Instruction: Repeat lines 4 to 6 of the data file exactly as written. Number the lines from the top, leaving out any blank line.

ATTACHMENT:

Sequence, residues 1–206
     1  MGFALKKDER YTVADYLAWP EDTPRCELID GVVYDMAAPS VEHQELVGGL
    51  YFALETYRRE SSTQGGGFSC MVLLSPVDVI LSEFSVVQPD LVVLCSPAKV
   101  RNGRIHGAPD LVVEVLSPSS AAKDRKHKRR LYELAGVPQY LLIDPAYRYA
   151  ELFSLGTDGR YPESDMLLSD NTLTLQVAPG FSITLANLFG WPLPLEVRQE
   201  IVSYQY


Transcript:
   101  RNGRIHGAPD LVVEVLSPSS AAKDRKHKRR LYELAGVPQY LLIDPAYRYA
   151  ELFSLGTDGR YPESDMLLSD NTLTLQVAPG FSITLANLFG WPLPLEVRQE
   201  IVSYQY